ToS Outline
  1. Setup Appwrite:

    • Install Appwrite on your server if it’s not already set up.
    • Follow the official documentation for the installation guide located here.
  2. Create a Project in Appwrite:

    • Once installed, you’d create a new project within Appwrite.
    • This project would be dedicated to your ToS generator application.
  3. ToS Template Storage:

    • Design a collection in Appwrite for storing various legal templates.
    • This collection can have fields like templateName, content, placeholders, etc.
  4. API for Template Management:

    • You’d probably want to have CRUD (Create, Read, Update, Delete) operations available for these templates.
    • Use Appwrite’s built-in features to provide these endpoints.
  5. User Interface:

    • Create a user-friendly interface where the user can:
    • Select the type of ToS they need.
    • Provide any required information to fill into the template (e.g., company name, jurisdiction, etc.).
    • Generate the ToS based on their selections and inputs.
    • This could be a web-based application or a desktop application, depending on your firm’s needs.
  6. Generating the ToS:

    • When the user provides all the necessary information and selects a ToS template:
    • Retrieve the chosen template from Appwrite.
    • Replace all the placeholders in the template with the provided data.
    • Return the generated document to the user, either for download or via email.
  7. Additional Features:

    • Document History :
      • Using Appwrite’s storage, you can also keep a versioned history of generated documents if needed.
    • User Accounts :
      • Using Appwrite’s built-in user management, you can let users create accounts, allowing them to save their information for faster document generation in the future or to track their past generated documents.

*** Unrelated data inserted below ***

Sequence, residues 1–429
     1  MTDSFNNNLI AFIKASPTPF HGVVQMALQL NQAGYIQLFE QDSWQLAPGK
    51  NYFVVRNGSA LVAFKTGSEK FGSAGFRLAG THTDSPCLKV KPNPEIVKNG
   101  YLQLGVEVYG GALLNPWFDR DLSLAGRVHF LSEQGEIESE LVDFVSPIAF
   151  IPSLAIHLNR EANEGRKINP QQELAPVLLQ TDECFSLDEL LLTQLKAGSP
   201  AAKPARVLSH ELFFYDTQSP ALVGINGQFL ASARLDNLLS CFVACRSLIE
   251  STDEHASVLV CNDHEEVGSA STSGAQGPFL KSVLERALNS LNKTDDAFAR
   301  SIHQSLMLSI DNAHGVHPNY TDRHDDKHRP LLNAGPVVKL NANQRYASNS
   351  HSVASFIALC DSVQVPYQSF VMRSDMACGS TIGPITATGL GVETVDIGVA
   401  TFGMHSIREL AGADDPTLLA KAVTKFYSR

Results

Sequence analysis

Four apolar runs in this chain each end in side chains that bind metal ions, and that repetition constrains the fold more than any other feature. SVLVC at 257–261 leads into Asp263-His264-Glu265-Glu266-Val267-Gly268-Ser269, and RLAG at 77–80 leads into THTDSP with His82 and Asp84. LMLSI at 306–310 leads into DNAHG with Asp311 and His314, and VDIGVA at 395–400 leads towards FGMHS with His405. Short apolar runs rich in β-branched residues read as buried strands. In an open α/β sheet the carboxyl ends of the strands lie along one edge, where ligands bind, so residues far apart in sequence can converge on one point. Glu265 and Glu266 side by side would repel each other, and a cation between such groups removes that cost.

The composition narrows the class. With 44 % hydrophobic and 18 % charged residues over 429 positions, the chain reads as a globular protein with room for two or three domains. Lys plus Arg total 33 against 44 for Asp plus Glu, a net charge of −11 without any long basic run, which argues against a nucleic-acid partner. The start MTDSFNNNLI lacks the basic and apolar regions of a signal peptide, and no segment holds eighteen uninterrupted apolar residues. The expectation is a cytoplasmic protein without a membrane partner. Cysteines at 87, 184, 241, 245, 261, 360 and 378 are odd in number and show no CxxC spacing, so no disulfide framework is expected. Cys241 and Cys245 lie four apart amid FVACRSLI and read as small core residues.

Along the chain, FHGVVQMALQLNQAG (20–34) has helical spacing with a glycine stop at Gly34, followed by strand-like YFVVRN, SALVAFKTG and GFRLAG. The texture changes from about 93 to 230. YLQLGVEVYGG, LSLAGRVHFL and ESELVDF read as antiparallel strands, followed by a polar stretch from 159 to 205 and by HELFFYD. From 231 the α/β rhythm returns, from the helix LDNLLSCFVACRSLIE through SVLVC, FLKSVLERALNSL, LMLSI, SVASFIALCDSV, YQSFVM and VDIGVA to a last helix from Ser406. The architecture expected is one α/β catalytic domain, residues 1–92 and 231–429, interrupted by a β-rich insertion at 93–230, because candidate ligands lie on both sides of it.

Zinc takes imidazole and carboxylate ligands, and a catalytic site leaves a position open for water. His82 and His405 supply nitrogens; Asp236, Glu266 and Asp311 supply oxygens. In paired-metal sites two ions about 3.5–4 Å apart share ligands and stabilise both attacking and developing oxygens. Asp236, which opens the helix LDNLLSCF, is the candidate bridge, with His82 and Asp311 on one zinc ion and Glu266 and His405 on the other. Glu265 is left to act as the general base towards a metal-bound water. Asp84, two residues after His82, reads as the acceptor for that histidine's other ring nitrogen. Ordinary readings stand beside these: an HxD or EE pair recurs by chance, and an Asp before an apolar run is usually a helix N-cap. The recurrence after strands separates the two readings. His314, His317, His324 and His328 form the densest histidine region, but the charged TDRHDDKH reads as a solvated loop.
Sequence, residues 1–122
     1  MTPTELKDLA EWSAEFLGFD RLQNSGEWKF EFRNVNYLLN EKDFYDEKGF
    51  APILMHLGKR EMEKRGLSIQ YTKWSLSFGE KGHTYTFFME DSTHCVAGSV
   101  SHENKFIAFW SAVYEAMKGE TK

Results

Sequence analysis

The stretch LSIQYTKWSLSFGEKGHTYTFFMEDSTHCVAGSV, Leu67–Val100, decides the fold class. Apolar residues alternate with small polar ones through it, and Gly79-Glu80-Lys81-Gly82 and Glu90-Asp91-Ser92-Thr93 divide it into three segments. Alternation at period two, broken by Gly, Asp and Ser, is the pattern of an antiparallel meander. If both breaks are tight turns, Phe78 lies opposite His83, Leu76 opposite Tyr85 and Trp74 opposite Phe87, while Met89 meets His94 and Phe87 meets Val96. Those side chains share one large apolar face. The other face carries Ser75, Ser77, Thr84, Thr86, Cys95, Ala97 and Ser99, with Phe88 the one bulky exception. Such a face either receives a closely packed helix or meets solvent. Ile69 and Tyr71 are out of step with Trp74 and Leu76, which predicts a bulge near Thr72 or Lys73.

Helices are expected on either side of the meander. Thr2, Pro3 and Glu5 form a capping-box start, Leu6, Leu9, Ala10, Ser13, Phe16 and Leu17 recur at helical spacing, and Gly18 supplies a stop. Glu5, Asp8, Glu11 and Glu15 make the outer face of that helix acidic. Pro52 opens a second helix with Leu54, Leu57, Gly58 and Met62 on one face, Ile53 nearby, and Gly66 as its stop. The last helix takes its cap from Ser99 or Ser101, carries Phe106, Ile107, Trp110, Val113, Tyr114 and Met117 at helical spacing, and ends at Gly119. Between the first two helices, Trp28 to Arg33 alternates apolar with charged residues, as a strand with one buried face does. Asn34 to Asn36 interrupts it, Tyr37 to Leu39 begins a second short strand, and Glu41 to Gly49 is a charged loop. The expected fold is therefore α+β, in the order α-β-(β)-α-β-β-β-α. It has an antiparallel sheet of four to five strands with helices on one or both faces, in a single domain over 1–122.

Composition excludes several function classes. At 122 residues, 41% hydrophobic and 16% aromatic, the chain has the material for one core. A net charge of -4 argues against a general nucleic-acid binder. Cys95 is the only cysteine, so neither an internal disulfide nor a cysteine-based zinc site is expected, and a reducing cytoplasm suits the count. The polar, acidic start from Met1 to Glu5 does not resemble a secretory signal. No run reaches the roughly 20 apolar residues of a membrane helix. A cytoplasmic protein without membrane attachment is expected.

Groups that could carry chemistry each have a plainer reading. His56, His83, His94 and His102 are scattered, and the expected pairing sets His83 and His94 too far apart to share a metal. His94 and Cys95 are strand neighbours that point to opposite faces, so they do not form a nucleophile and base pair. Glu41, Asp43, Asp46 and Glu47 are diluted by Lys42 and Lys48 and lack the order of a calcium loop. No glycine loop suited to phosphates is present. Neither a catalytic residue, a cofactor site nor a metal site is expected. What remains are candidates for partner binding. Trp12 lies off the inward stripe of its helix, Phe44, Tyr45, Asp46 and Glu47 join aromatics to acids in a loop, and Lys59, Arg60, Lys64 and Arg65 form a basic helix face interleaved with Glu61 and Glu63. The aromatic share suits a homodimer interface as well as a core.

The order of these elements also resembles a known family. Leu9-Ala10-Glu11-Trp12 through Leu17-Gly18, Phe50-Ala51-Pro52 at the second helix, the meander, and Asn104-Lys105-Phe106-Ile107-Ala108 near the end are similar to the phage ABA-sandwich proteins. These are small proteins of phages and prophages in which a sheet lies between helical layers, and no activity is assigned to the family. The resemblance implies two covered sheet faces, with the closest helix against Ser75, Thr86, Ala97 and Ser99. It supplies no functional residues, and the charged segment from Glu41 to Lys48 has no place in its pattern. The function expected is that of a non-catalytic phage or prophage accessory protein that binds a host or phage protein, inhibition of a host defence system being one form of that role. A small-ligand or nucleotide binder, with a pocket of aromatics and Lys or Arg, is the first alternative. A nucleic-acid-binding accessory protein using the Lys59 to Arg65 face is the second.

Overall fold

• Notifications :
      • Appwrite provides functionalities for sending out email notifications.
      • You could use this feature to notify users about updates to templates or to deliver their generated documents.
  8. Security and Privacy:

    • Given that you’re dealing with legal documents, ensuring security and privacy should be a top concern. Make sure data at rest and in transit is encrypted.
    • You might also want to consider allowing users to delete their generated ToS if they are stored, to meet various data privacy regulations.
  9. Regular Template Updates:

    • Legal requirements change over time.
    • Ensure that there’s a procedure in place to regularly review and update the ToS templates.
  10. Testing & Deployment

    • Before deploying, ensure that you rigorously test the application for both functionality and security vulnerabilities.
    • Once everything is ready and thoroughly tested, deploy your application to a production environment.

This is a high-level overview, and the actual implementation might require a deeper understanding of your firm’s specific needs and the intricacies of legal document generation. However, this should give you a good starting point on how to approach this problem using Appwrite.

Privacy Document

We would follow the same layout and concept for the ToS but have it shift towards focusing on privacy.

Disclaimer Document

Similar to the ToS and Privacy documentation, we would just shift the data over towards disclaimer.

EULA Document

The EULA would be an extension of various softwares that they would be using, a bit of a collection of multiple different EULAs as well. Thus also similar to the ToS, Privacy and Disclaimer.

Operational Document

The scope for the operational document would have to be different because if its a Single LLC verse a multi-person LLC.